On violation of S. 47(xiiib) (for LLP), capital gains to be computed considering value at ...



RADIALS INTERNATIONAL v ACIT ITA No.485/2012 dated 25.04.2014 (Delhi HC) Background: Assessee is a partnership firm, engaged in the business of providing technical, marketing and maintenance services. Assessee offered the profit on sale of shares lying in PMS as capital gains. The AO held that since the motive of the transactions was the earning of profit and not a dividend, where the holding period was ranging from a few days to a few months, it was concluded that the income was business income earned by way of adventure in the nature of trade. Commissioner of Income Tax (Appeals) held that the intention at the time of purchase and sale, the magnitude and frequency of transactions has to be seen to test whether the sum of gain made “was a mere enhancement of value by realizing a security” or a “gain made in operation of business in carrying out a scheme for profit-making”. It was concluded that the shares were not in the nature of property which yielded any income or personal enjoyment to the owner, by virtue solely of its ownership. Thus, the intention was concluded to be profit-making, and the gains were found to be business income. 

Delhi HC lays down important principles in treatment of profit on sale of shares lying ...


Shyamlal Tandon v ITO [IT APPEAL NO.1774 (HYD.) OF 2012 dated 21.0.10214] – Hyderabad ITAT Background: The assessee, an individual, did not file his return of income for the AY 2003-04. From the information received from DDIT(Inv), it came to light that the assessee has earned capital gains, which were not disclosed, and consequently, within the meaning of S.147 of the Act, the AO, held the view that there was escapement of income chargeable to tax. Accordingly a notice under section 148 of the Act was issued. In response thereto, assessee filed return declaring ‘nil’ income. Assessment Proceedings During the course of assessment proceedings, it was submitted that the assessee, alongwith his father purchased a piece of land on 17.3.1978 for Rs.34,320. The assessee and his son had demolished the house standing on the above plot and gave the property for development.  As per clause (4) of the development agreement, both the father and son were entitled to share the built up area on 50:50 basis in exchange of transfer of the land. However, neither the father nor the son have has declared any long term capital gains on transfer of the land in exchange for 50% of the built up area either in the year in which the development agreement was entered into, relevant to assessment year 2001-02 or in the relevant assessment year in which transfer of 50% of the land and building took place.  According to the AO, the long term capital gain worked out to Rs.55,75,661 of which the assessee’s share came to Rs.27,87,831, which was assessable to tax in the assessment year 2001-02.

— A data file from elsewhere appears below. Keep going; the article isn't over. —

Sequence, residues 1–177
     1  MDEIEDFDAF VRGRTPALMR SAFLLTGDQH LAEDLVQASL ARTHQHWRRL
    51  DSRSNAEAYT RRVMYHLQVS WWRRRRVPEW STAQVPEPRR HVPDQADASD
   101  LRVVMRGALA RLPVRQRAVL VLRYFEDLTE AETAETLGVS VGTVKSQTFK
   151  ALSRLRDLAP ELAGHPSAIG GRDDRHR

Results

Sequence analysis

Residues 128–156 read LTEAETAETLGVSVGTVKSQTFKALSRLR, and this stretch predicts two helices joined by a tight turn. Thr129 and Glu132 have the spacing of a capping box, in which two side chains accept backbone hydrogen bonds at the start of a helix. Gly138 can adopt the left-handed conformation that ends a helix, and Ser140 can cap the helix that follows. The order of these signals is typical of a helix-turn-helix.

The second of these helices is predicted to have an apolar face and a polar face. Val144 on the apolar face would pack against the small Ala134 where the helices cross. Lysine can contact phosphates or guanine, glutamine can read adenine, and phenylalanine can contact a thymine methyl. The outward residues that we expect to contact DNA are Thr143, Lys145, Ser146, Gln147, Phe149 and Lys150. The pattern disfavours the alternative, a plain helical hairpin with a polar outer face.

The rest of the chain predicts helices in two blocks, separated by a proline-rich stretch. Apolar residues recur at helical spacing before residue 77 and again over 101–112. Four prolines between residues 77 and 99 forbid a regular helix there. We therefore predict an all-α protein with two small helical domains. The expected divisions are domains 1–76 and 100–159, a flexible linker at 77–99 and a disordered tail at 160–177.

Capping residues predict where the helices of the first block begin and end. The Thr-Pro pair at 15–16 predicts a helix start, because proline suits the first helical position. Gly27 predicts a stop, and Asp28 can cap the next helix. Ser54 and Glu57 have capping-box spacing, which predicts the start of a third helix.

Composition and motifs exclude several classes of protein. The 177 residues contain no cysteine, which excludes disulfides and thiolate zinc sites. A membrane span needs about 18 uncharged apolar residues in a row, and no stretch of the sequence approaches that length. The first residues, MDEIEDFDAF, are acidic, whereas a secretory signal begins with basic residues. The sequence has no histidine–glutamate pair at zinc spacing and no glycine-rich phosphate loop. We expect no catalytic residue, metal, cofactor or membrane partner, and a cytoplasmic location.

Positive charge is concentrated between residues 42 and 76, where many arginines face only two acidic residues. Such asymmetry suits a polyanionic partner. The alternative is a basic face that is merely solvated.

S. 54F – If intention was to construct a residential property, subsequent change to commercial ...


Gulshan Malik v CIT (IT APPEAL NO. 55 OF 2014 dated 14.03.2014) – Delhi High Court Background: The assessee and his wife had booked an apartment vide an application dated 31.07.2004, by payment of a booking amount of Rs. 2,00,000/-on 3.08.2004 and consequently, it is claimed, acquired rights or interests in the same. The builder DLF issued a letter dated 6.08.2004 provisionally allotting the apartment and two parking spaces. A buyer’s agreement was executed on 4.11.2004 between DLF and the allottees. Per the payment schedule, a total payment of Rs. 87,12,500/- was made from 31.07.2004 to 03.08.2006 towards the purchase of the apartment. Following this, the Assessee entered into an agreement to sell dated 2.11.2007 to sell their booking rights/rights or interest in the apartment. In the computation of income, the assessee declared a long term capital gain of Rs. 31,35,740/- on the sale of booking rights/extinguishment of rights in the apartment (period between acquisition and sale of the booking rights in the apartment was claimed to be 39 months and 2 days). An exemption was claimed under Section 54 of the Act, 1961 as the same was invested in purchase of another apartment in June 2008.

Dt of agreement and not the dt of confirmation letter to be considered for computing ...